"You're not really supposed to cast spells from books, Tormy," Omen explained to the cat — this was a lesson his mother had drummed into him early on. "I have to memorize the patterns first, internalize them. When you cast a spell out of a book or from a scroll you can't really control the energy properly."
Tormy's excitement did not dim. His pink ears perked forward, his long fluffy plume of a tail flicking uncontrollably. "I is not knowing what that is meaning," he purred. "You is casting my spell for me?" The cat's hopeful tone made Omen pause.
"It means that if I don't memorize the spell first I can't . . ." He trailed off, faced with Tormy's eager anticipation, and glanced down at the spell once more.
While he didn't exactly know what the spell was — it was labeled MICE just under the drawing of the mouse that had caught Tormy's attention — he could tell that it was a minor cantrip. The spell was uncomplicated — only two sets of circular lines describing the pattern. Cantrips are harmless. He reasoned that the spells his mother wanted him to study were of the same variety. It is technically the type of spell I'm supposed to be learning.
"Well, all right," he agreed. "Can't hurt to try once."
Tormy leaped in the air and spun around several times, before landing with his paws splayed, head down, hind quarters in the air as if ready to pounce. Amber eyes sparkling, he looked from the book to Omen and back again.
Chuckling to himself, Omen took a deep breath and sat on the floor in front of the book. He closed his eyes, concentrating on the sensation of magical energy all around him. Magic feels amplified here, stronger. This is a divine realm — I bet all my spells will be affected! A sense of glee flooded through him. Maybe learning these spells will be easier than I thought!
Normally he would pull the magic inside himself, and then push it into a pattern he'd formed in his mind. For this experiment, he simply gathered the diaphanous power around him like a warm blanket. He held it for a moment, listening to the tonal shift in the buzzing as strands of energy expanded and knitted together. Then he simply thrust the magic outward toward the book as if slapping it down on the page — it felt messy and disorganized. The energy slipped from his grasp and chaotically flowed down onto the ink and parchment, swirling into the diagram as if seeking shape and form.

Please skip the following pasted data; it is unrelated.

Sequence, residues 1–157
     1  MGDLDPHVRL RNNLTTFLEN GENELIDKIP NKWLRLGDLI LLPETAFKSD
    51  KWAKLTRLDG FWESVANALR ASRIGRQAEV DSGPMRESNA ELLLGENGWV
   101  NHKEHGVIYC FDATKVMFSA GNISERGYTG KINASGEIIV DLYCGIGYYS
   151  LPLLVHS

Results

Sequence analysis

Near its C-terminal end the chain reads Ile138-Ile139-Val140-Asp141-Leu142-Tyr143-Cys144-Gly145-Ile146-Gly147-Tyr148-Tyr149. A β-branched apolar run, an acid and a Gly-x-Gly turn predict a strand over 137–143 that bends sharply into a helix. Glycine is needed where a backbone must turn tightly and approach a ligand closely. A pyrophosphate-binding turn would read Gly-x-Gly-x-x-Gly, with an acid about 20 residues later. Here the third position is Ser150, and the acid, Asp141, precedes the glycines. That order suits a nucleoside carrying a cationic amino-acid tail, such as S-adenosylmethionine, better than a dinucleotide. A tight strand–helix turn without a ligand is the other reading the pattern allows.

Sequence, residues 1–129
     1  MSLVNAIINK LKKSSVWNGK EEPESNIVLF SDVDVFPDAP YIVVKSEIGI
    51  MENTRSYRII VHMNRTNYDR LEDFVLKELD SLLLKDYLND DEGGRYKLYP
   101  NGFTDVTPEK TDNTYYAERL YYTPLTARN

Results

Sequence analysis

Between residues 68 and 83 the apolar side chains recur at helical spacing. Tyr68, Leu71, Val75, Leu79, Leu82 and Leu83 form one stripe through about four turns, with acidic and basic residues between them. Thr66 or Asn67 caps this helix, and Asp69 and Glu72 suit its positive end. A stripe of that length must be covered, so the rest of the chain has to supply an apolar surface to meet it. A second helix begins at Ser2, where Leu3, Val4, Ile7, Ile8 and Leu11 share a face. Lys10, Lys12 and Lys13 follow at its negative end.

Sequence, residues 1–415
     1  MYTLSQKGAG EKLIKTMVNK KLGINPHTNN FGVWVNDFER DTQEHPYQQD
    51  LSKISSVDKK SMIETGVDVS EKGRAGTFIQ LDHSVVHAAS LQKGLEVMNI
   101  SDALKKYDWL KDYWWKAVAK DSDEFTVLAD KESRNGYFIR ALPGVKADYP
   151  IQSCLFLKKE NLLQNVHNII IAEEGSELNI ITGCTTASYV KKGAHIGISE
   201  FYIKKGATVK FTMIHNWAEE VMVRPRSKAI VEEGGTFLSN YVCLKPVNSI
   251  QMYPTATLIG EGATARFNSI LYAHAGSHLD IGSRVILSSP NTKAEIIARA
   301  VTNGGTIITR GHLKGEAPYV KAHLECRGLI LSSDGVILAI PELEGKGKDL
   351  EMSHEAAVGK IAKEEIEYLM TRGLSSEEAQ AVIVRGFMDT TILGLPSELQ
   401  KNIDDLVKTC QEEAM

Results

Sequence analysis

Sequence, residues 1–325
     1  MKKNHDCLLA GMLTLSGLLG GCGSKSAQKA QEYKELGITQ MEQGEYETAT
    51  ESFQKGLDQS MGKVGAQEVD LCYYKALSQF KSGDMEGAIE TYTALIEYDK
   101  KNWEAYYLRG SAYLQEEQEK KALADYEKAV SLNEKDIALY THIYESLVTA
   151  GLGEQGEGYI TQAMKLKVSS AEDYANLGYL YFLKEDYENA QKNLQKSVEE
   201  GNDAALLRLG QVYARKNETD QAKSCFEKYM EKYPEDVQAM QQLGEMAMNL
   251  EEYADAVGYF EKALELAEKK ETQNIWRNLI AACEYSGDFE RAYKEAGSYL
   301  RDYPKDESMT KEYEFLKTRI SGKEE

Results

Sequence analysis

The ink glowed brightly as the magic streamed into it. A moment later, the light coalesced into a small blue ball in the center of the page. Omen watched with wonder as the ball of light took the shape of a little glowing mouse. The glow-mouse instantly scampered free of the book and raced away. Tormy pounced after it, leaping with abandon.
The mouse flitted and dodged, swerving to avoid the enormous paws of the oversized kitten. But despite being a magical construct, the mouse was no match for the cat's speed and agility. A mere moment later, Tormy slammed his paw down upon the magical rodent with a loud merrrowww. The glowing mouse exploded into a shower of glittering sparkles.
Excited, Tormy swiveled around, eyes on the book again. Another mouse formed in the center of the pattern and ran off. Tormy charged after it.
Omen watched the chase, laughing. "Magical mice. I'm going to have to add this one to my list of must-learn spells."
A third mouse formed on the pattern and raced away. Tormy shrieked, torn between chasing after one mouse or the other. He leaped and pounced in one direction, then turned and hopped the other way. A fourth mouse skittered from the book, and Tormy flipped back around in mid-turn, trying to catch it too. His claws scraped against the marble as he skidded and slid. He bowled over several chairs in his single-minded pursuit.
Omen cringed at the sound of furniture crashing. "Don't knock into the bookshelves!" he called to the cat.
Luckily the bookshelves in question were all made of solid stone and would likely hold up to Tormy's flailing as he gamboled after the glowing mice through the maze of the great library.
A fifth mouse escaped.
Omen frowned down at the book, suddenly feeling a little ill. "That shouldn't be happening." The spell was a mere cantrip; as far as he knew, it should only have been able to produce a couple of illusionary mice. The magic should have run out already. Without Omen actively pushing magic into it, there should have been nothing to sustain the spell.